[6 Jan 2020] Indian Arms and Analysis: 41 ‘Otters’ Gets Dornier, India’s Fastest Torpedo & Many More

[6 Jan 2020] Indian Arms and Analysis: 41 ‘Otters’ Gets Dornier, India's Fastest Torpedo & Many More
Indian Arms and Analysis
[6 Jan 2020] Indian Arms and Analysis: 41 ‘Otters’ Gets Dornier, India's Fastest Torpedo & Many More
Indian Arms and Analysis

India is developing the world’s fastest and longest range, 650 km supersonic torpedo

As per media reports, DRDO is in an advanced stage of developing a Supersonic Missile Assisted Release of Torpedo (SMART). Based on hybrid technology, it uses a supersonic missile system to carry a heavy torpedo through low-altitude flight, across a distance of 600+ km, before releasing the heavy torpedo to travel another 30 to 50 km submerged, towards the hostile submarine.

What makes DRDO’s SMART so unique is no other country possesses a similar weapon of this speed, range, and potency. The technology in itself is not new with countries like the United States, Russia, and even China experimenting with hybrid technologies.

The closest they have achieved is a missile carrier of max 150 km with a torpedo range of under 50 km. The DRDO is confident of inducting the SMART system into the Navy as part of land-based anti-submarine defence or air-launched anti-submarine defence.

The induction of the SMART system will change the sea-control sea-denial dynamics in the Indian Ocean Region and beyond. With the Boeing P8I Poseidon Reconnaissance planes, the Indian Navy has robust submarine detection and tracking capability, but its offensive capability is limited to the Harpoon missiles it carries.

The SMART system will use the detection capability of the P-8I and use the range, speed, and potency of SMART target hostile submarines at far greater ranges, long before they pose a threat to our naval assets or the mainland.

Parliamentary Standing Committee on Defence raises concerns on the shortage of funds for the Forces

The Parliament Standing Committee on Defence has raised the matter of shortage of funds impeding the modernisation of the defence forces.

In FY 2019-20, the Army had projected a requirement for Rs 44,690 Cr but allocated only Rs 29,511 Cr, a shortfall of 34 per cent. The Air Force projected a requirement for Rs 74,894 Cr but got Rs 39,347 crores, a shortage of 47.46 per cent. The Navy needed Rs 35,713 Cr but received Rs 22,227 Cr, falling short by 37.76 Cr.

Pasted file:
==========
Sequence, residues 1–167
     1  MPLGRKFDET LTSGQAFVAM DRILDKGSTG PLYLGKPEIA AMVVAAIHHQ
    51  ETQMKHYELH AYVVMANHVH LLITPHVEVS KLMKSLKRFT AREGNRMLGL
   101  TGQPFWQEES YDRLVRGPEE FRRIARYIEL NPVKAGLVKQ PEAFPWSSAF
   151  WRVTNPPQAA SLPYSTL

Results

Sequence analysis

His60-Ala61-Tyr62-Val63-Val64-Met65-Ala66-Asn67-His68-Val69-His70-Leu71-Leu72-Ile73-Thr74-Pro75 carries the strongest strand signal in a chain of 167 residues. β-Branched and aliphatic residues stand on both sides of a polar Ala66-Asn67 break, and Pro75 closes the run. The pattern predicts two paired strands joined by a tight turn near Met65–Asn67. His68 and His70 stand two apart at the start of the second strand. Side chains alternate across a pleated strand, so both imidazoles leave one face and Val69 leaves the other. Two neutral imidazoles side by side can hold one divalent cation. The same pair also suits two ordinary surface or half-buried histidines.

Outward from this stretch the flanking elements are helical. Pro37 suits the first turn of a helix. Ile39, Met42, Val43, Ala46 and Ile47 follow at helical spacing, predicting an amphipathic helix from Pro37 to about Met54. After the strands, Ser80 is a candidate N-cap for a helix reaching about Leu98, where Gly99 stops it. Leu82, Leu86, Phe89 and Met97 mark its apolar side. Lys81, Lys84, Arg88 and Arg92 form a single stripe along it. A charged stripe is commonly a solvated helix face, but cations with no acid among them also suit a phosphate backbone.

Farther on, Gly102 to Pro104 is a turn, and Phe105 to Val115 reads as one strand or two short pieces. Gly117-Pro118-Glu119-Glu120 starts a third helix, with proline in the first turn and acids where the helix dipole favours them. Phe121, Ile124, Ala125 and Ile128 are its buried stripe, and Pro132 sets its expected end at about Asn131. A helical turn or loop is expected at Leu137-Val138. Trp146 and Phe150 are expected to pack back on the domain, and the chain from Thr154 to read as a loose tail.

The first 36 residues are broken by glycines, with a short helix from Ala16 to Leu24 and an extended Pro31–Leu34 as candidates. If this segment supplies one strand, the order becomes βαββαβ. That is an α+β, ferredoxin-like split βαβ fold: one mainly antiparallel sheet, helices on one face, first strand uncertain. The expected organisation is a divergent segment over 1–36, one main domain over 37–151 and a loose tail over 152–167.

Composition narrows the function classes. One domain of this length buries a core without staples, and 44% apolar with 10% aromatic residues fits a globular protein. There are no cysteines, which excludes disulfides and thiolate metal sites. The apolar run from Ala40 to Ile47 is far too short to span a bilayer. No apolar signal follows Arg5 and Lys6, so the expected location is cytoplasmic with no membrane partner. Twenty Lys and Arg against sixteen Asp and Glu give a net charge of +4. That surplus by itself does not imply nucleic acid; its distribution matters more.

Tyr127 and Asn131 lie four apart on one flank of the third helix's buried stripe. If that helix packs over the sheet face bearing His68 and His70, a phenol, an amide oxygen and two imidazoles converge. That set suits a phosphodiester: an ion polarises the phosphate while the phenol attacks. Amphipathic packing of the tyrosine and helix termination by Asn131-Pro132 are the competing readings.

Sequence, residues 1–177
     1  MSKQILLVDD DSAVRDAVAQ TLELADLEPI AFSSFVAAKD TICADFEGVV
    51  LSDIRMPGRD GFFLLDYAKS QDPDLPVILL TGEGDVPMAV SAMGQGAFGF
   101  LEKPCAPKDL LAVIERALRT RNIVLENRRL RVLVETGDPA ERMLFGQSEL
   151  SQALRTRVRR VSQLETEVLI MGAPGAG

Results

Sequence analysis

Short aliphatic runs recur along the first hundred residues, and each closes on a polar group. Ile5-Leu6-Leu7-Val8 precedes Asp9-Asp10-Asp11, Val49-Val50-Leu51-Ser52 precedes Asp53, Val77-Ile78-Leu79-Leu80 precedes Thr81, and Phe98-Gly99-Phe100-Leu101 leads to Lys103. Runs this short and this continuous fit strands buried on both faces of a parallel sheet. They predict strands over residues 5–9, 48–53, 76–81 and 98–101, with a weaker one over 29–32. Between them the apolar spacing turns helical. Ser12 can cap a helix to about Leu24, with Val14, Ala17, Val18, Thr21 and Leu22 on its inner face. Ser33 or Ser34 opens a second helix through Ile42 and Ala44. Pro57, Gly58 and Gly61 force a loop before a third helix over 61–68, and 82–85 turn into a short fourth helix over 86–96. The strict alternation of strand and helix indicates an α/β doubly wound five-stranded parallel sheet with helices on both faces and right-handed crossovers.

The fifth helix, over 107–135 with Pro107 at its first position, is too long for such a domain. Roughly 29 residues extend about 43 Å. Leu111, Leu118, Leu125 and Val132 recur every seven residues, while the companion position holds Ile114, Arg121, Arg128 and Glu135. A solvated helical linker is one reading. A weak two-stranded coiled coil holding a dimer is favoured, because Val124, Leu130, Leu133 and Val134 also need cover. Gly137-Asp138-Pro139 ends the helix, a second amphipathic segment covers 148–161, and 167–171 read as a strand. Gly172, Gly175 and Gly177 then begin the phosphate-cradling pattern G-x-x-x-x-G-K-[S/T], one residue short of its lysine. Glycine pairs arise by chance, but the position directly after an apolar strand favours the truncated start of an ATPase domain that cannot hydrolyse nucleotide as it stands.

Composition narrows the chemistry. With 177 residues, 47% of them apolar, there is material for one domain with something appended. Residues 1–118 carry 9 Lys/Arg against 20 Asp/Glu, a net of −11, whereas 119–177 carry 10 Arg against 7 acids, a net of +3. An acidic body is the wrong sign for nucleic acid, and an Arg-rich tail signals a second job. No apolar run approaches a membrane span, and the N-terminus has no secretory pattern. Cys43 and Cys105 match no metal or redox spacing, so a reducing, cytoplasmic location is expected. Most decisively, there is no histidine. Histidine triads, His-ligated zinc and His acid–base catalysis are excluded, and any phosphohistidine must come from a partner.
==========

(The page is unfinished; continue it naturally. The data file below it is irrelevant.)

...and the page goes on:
Compounding the problem of shortage of funds is the burgeoning salary and pension allocations. The FY 2019-20 Budget estimate for Defence was Rs 4,31,011 Cr, of which Capital Outlay was Rs 1,03,394 Cr, and Pensions alone comprised Rs 1,12,080 Cr, higher than the capital outlay. Salaries were Rs 1,08,461 Cr. It’s one of the reasons why the defence forces need to transition into a lean, mean fighting machine.

However, major defence equipment purchases are languishing for years. The Army’s Future Infantry Combat Vehicle (FICV) development has not further. Its demand for more Apache Attack helicopters is yet to be sanctioned.

The Air Force is waiting for the government to move ahead with the procurement formalities of the MMTA aircraft and the air-to-air refuellers. The acquisition of the 110 MMRCA is way behind schedule.

The Navy seeks another aircraft carrier, additional minesweepers, and SSN and SSBN submarines to challenge China’s growing presence in the Indian Ocean Region. All the projects are behind schedule for want of funds.

41 ‘Otters’ Squadron gets the much-awaited Dornier

On 31 December 2019, the Indian Air Force Chief RKS Bhadauria formally inducted the first of 14 Dornier aircraft manufactured by Hindustan Aeronautics Limited (HAL) into the 41 ‘Otters’ Squadron. The second aircraft is expected in early 2020.

In 2015, IAF signed the Rs 1,090 Cr contract with HAL to procure 14 twin-engine Dorniers. The Dornier 228 aircraft is a German twin-turboprop STOL utility aircraft capable of carrying 19 passengers or light cargo. The HAL signed a contract with Dornier GmbH to manufacture it in India and has since manufactured 125 planes. The IAF uses these mainly for flight inspection purposes.

The Palam-based 41 ‘Otters’ Squadron has a chequered history. Raised in 1958 in Jodhpur, the Squadron flew 614 missions in support of troops during the 1965 war with Pakistan.

In 1984, the vintage ‘Otter’ aircrafts made way for the Dornier, and later the Avro making 41 Squadron the first to operate both light and medium transport aircraft.

The induction of the upgraded Dornier this year will boost IAF’s vigilance capabilities in the sky.

Related Links:

Indian Arms and Analysis – December 20, 2019

Indian Arms and Analysis – December 23, 2019

Indian Arms and Analysis – January 01, 2020